Talk To Frank is an anti-drugs campaign in the United Kingdom that has been running for the longest time. Though, has the campaign stopped anybody from using any drugs?
Drug education in the UK was changed forever ten years ago when a Swat team raided a quiet suburban kitchen. People were seriously warned to stay away from the drug peddlers around sports arenas and that they could be destroyed by drugs. A sort of comedy was also brought into the message in the bid to pass it appropriately.
The first advert featured a boy calling the police snatch squad on his mother because she wanted to discuss drugs with him. The message delivered by the advert had not been heard before either: "Drugs are illegal. Talking about them isn't. So, Talk to Frank."
Frank: A Pleasant Private Drug Counsel
One can actually say that Frank which was a brain child of "Mother" ad firm became the new National Drugs Helpline It was supposed to represent a trusted, big brother figure that young people could call for advice about drugs. To become a familiar brand with youth in the UK, the Frank label has presented everything from the adventures of pablo the drug mule to a tour of a brain warehouse.
According to Justin Tindall, creative director of Leo Burnett ad agency, the most important thing is that no one could accuse frank of trying to be "down with the kids," or coming out with the wrong attire. Surprisingly, the funny imitations of the Frank videos found on YouTube are quite polite. There's also no indication that Frank is working for the government, which is unusual for a government funded campaign.
Substance education has developed a lot since Nancy Reagan, and in the United Kingdom, Grange Hill cast encouraged teens to simply "Say No" to drugs, a campaign which several professionals now think had the opposite of the desire effect.
Like the Frank campaign, most European ads now focus on giving unbiased information so that young people can make up their own minds. In places that have harsh penalties for being in possession, pictures/photos of prison cells and embarrassed parents remain common. One late battle in Singapore told youthful clubbers: "You play, you pay."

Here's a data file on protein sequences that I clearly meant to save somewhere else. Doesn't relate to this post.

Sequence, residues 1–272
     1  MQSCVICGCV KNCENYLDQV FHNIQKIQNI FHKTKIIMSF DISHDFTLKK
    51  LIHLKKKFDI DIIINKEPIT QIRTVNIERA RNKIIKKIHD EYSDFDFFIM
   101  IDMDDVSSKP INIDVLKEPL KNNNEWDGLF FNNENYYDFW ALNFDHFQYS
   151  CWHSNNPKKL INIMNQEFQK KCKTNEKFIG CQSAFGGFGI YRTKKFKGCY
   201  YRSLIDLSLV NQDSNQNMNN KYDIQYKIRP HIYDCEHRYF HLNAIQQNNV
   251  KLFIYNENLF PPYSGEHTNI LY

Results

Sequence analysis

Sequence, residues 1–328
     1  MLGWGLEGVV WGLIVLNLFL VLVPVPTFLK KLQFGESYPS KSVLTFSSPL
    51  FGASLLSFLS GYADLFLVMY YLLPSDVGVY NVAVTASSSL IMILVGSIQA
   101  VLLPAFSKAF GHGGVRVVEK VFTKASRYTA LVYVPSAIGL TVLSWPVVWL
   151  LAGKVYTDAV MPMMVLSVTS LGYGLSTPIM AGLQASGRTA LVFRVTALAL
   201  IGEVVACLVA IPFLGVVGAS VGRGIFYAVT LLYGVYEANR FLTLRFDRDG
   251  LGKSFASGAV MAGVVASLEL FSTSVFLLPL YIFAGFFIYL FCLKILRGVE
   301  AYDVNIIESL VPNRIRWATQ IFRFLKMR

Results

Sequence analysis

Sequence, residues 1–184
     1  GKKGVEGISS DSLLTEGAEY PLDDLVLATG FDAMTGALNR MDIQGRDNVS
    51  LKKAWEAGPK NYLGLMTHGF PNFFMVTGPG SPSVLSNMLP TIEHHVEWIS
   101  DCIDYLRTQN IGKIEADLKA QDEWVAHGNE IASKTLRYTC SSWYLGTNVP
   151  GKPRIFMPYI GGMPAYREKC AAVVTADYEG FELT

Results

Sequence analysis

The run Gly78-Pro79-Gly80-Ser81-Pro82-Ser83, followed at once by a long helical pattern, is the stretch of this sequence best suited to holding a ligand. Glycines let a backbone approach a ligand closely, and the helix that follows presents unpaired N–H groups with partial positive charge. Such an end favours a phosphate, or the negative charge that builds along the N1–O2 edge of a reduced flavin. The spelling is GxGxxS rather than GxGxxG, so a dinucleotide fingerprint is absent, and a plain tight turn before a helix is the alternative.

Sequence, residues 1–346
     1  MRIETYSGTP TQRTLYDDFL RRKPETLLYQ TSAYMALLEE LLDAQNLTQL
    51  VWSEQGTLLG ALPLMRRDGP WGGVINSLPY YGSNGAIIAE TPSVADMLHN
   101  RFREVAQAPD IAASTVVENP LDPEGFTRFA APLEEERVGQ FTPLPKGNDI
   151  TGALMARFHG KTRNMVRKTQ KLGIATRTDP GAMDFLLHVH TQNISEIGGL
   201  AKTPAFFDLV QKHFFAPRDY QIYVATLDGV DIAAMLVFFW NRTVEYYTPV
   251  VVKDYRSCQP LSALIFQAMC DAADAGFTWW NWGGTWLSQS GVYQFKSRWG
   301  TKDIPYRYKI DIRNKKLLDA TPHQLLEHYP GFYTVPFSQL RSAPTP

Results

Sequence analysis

In the United States of America, the federal government has spent millions of dollars on a long-running campaign, Above the Influence, that sells positive possibilities to using substances by making use of a combination of funny and cautionary stories. The stress is on chatting to youngsters by using their language - one advertisement depicts a group of "stoners" forsaken on a couch. Around the world, a good number of anti-drug campaigns still use the scare tricks of old, "descent into hell," being one of the most used. A classic illustration is a current Canadian business, part of the DrugsNot4Me arrangement, which demonstrates an appealing, sure young lady's change into a shuddering and hollow eyed smash-up on account of "drugs."
Research that was done on a UK anti-drug campaign between 1999 and 2004 shows that describing the negative effects of abuse will often actually encourage young people "on the margins of society" to use drugs.
By demonstrating how the drugs affect the use, giving the highs and lows, Frank was not supported by the Conservative politicians on the new path it had taken.
"Cocaine makes you feel on top of the world" was used in one of the early internet ad campaigns.
Understanding the true information behind the message was very difficult. The man in arrears the cocaine advertisement, Matt Powell, then creative director of digital agency Profero, now disbelieves he overvalued the focus span of the ordinary web browser. Some might not have adhered around to the finish of the liveliness to get some answers concerning the negative impacts. However, Powell says the point was to be more legitimate with youngsters about medications, keeping in mind the end goal to build up the believability of the Frank brand.
The Home Office says 67% of youngsters in a study said they would swing to Frank in the event that they required drug guidance. 225,892 calls were made to the Frank helpline and 3,341,777 visits to the site in 2011/12. The argument is that this is proof that the approach is working.
But, we don't have any proofs that people have quit drug consumption because of Frank, just as we don't have such evidence in cases of other media campaigns against drugs.
During the decade that the Frank campaign was introduced, drug abuse figures in the UK have reduced by 9%; however, much of the decline has been attributed to a reduction in the use of cannabis as the more youth shun smoking tobacco.
What Is Frank?
FRANK is a national service that offers drug education and was formed in 2003 by the Department of Health in partnership with Home Office of the British government. It's supposed to reduce the use of illegal and legal substances by teaching teens about the possible effects of alcohol and drugs. FRANK has run lots of media campaigns on radio and the internet.